The Flower Travellin’ Band, Anywhere, The Netherlands, Philips, LP FX-8507 (1970)
While these guys’ first original album “Satori” is the better and much heavier album, this debut release composed almost entirely of cover versions of other bands’ songs is interesting in itself. The interpretations are very individual and quirky, and at the very least demonstrate the FTB musicians’ good taste in other folks’ music. First up on the ronin samurais’ chopping block is Muddy Waters’ “Louisiana Blues” which has a steady driving rhythm at a pace where the wind is whipping through these guys’ hair but is not too cold, given that on the front cover of the album the band members are riding their motorcycles down the highway with no helmets and scarcely much other protection. The song is dominated by a very long and spirited lead guitar solo instrumental that actually goes faster as the track progresses, pulling along a continuously revving rhythm section. There’s a fair amount to savour in the long proto-metal blues rock jam, Hideki Ishima’s guitar work showing a strong Eric Clapton influence in its light sound but later revealing darker fuzzier tones.
A big surprise, given that this album came out in 1970, is FTB’s cover version of “Black Sabbath” from the British band’s first self-titled album which itself was released a few months before “Anywhere”. (Incidentally both the Sabs and FTB were signed to the same record label at the time.) FTB’s cover lacks the sinister tension and sense of dread of the original but the song is otherwise a fairly straightforward and minimally styled interpretation with still a lot of dark space and atmosphere. Our roamin’ ronin turn their attention to the famous “House of the Rising Sun” which they despatch adequately enough though singer Joe Yamanaka nearly ruins the song with an overly theatrical high-pitched performance.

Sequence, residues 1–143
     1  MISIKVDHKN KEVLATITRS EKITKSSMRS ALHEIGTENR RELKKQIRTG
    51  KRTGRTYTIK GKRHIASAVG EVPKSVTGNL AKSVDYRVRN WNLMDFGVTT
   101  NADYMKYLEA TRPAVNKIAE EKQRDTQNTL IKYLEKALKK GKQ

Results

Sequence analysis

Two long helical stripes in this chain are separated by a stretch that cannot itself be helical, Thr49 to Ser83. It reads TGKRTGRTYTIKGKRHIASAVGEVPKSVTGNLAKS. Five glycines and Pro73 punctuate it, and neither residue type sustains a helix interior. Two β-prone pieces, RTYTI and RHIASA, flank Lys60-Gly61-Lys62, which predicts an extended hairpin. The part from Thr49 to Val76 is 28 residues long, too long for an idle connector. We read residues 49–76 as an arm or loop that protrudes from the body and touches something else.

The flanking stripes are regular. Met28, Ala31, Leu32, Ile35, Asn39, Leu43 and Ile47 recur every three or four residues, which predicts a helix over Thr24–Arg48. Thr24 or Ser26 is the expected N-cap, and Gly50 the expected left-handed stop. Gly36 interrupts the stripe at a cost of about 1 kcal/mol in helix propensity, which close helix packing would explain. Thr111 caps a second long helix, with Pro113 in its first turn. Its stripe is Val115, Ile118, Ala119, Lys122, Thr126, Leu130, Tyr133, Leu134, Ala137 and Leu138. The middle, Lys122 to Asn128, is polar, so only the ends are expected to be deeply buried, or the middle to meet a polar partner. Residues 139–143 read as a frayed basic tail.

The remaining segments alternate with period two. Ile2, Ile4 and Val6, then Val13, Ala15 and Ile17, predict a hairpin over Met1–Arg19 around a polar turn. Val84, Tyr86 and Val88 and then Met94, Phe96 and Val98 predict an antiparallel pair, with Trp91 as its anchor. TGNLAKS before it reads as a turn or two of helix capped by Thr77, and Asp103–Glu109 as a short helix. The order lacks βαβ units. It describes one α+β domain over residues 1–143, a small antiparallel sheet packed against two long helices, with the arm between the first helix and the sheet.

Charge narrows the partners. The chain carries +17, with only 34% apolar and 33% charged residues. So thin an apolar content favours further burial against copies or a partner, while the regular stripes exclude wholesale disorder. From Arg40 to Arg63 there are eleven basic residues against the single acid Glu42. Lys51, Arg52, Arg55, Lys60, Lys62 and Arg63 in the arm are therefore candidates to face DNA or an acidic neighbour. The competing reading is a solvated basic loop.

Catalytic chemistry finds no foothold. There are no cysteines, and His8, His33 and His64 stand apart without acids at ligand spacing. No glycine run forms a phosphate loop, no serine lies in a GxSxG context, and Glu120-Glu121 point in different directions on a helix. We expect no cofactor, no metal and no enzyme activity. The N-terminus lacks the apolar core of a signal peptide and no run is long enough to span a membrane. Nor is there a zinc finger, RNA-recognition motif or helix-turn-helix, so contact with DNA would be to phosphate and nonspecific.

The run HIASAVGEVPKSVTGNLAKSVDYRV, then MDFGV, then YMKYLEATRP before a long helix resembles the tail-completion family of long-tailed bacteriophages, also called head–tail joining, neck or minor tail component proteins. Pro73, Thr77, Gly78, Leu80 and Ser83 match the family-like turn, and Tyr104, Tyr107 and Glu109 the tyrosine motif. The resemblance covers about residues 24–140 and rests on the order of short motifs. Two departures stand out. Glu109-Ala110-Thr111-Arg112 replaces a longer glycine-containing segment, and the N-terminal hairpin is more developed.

The highlight of the album is the cover of UK prog rockers King Crimson’s “21st Schizoid Man” which FTB try to deliver in a straightforward manner, at least until Ishima forgets his manners and goes bounding off on a personal freak-out voyage of guitar self-discovery, the other members doing their best to keep up with him.
The best moments of the recording are where Ishima is let off his leash and allowed to fly where he will, the other members happy to tag along in his wake. While I think Yamanaka overdoes the heroic falsetto tenor act, at least he puts his heart and soul into what he does. The album does have its patchy moments and parts of it could have been edited for length but after nearly 50 years it’s still fresh and still full of fire.